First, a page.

HAVE YOUR SAY.
Join us in The Bullpen, where the members of the Scientific Inquirer community get to shape the site’s editorial decision making. We’ll be discussing people and companies to profile on the site. On Wednesday, October 12 at 5:30pm EST, join us on Discord and let’s build the best Scientific Inquirer possible.
The first probable impact crater in Spain has been identified in the southern province of Almeria. The discovery was presented last week at the Europlanet Science Congress (EPSC) 2022 by Juan Antonio Sánchez Garridoof the University of Almeria.
While around 200 impact structures have been identified around the world, the study is the first to identify signs of an impact crater on the Iberian Peninsula. The discovery is the result of 15 years of research by an international team of scientists from the University of Almeria, the Astrobiology Center of Madrid, the University of Lund and the University of Copenhagen.
Prof Sánchez Garridosaid: “We believe that the impact event occurred around 8 million years ago. We have investigated numerous aspects of the geology, minerology, geochemistry and geomorphology of the region. The basins of Alhabia and Tabernas in the area are filled with sediments dating back between 5 and 23 million years, and they overlie older metamorphic rocks. Much of the impact structure is buried by more modern sediments, but erosion has exposed it and opened up the opportunity for studies.”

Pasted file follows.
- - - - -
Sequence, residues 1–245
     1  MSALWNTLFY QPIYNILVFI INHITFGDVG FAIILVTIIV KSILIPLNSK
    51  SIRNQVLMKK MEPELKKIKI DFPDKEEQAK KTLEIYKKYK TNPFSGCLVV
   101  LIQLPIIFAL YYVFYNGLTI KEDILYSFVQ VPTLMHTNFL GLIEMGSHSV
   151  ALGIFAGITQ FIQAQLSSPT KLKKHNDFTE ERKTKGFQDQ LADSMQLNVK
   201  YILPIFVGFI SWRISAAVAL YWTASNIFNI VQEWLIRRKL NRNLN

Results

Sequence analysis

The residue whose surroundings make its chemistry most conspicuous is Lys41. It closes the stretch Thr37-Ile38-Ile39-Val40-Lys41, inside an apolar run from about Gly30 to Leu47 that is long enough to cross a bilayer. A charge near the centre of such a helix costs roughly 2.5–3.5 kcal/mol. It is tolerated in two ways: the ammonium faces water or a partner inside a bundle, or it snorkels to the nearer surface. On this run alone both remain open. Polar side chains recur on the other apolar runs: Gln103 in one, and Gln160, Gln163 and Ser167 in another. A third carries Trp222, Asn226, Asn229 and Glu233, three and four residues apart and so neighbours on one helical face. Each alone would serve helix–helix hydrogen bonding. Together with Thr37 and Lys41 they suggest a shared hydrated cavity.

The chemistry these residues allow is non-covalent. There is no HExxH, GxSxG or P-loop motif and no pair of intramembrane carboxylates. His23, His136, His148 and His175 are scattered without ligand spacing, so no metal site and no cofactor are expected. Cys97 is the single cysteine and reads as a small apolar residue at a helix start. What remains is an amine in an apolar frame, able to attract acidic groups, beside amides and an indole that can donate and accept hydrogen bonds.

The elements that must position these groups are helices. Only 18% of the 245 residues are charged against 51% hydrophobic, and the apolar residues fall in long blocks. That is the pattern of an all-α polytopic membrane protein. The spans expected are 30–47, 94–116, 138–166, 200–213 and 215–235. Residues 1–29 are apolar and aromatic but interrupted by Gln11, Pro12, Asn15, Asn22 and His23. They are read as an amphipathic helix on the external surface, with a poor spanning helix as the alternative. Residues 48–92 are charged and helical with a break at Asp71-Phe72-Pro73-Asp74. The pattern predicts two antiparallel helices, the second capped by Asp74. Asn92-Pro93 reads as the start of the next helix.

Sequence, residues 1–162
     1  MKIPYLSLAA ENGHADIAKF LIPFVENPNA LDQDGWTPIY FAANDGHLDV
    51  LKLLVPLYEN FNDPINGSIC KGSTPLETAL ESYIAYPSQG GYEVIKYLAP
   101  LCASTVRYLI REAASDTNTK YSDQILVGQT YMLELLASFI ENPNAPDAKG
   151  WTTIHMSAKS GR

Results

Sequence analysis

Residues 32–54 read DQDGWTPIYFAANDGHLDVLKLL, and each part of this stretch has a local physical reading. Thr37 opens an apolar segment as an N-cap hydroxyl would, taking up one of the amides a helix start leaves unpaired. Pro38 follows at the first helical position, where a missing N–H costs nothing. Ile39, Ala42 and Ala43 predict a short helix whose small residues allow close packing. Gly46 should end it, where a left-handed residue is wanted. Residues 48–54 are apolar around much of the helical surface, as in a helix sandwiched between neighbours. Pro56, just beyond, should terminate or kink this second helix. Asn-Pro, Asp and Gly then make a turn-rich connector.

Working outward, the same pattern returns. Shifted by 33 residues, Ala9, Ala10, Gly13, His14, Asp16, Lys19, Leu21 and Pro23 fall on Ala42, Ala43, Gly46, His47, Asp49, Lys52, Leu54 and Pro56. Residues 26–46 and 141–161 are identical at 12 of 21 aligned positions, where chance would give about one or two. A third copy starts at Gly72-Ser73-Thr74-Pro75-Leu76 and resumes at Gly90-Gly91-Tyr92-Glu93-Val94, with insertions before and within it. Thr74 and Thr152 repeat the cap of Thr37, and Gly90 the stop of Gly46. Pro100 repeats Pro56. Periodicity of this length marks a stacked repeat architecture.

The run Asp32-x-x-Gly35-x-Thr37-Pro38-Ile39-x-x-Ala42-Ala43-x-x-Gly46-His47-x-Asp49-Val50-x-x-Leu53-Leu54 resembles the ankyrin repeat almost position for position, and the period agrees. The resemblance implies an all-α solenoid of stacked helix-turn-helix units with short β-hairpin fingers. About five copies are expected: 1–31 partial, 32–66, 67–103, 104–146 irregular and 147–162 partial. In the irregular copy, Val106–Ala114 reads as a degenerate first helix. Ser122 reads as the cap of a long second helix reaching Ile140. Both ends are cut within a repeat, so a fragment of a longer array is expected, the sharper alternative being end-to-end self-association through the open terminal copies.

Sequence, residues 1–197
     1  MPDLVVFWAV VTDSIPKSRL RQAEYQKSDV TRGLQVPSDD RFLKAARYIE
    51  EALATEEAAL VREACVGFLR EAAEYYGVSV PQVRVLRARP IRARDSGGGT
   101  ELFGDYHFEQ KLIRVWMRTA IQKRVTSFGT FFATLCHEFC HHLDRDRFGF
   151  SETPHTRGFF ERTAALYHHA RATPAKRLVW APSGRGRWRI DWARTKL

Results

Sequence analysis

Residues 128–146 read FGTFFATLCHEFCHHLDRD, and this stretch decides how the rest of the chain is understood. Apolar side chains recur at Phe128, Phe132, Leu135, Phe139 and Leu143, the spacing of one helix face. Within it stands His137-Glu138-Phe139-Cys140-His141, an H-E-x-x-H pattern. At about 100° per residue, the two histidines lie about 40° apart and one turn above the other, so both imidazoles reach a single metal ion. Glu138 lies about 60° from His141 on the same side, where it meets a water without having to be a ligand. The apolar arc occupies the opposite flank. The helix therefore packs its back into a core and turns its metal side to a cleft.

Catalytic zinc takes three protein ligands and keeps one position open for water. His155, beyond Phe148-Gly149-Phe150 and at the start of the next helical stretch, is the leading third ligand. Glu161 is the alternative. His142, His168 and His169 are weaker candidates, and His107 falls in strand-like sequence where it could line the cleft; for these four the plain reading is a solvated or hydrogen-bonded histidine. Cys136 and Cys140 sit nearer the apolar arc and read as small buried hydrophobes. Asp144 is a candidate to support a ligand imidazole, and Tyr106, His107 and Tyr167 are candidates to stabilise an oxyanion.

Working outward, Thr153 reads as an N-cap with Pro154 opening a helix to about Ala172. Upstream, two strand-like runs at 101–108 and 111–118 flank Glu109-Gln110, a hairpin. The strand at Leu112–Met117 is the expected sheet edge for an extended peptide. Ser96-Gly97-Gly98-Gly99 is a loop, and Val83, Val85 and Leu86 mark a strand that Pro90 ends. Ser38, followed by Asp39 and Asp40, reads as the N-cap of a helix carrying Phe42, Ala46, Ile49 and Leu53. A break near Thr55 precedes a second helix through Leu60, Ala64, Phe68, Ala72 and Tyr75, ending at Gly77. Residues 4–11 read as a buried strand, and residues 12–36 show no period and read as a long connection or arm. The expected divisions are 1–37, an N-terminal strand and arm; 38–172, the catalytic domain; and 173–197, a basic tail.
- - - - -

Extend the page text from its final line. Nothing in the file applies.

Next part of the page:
The crater itself is thought to be about 4 kilometres in diameter, and it is surrounded by a larger structure about 20 kilometres across, where the impact caused the sedimentary strata to collapse.
Evidence for the impact crater includes several examples of ‘shocked’ quartz grains in breccia – a sedimentary rock type with large fragments cemented into a finer-grained matrix. The grains show signs of being deformed in the enormous pressures of the impact, which were between 10 and 30 gigapascals.
“If the crater discovery is confirmed, it would not only be exciting from a scientific perspective, but would also be a wonderful addition to the scientific and touristic attractions of the province of Almeria,” said ProfSánchez Garrido.
EPSC2022, which took place last week in Granada, was attended by almost 1200 planetary scientists from around the world, making it one of the largest planetary science meetings to take place in Europe.
The Chair of the Local Organising Committee, Luisa Lara of theInstituto de Astrofisica de Andalucía-CSIC,said: “It was a lot of work to prepare for the meeting and we had to waittwo yearsbecause of the pandemic. But the emotion of welcoming everyone to EPSC2022 in Granada has been worth everything – all the work is forgotten and the success of the meeting is a wonderful reward.”
IMAGE CREDIT: Sánchez-Garrido et al 2022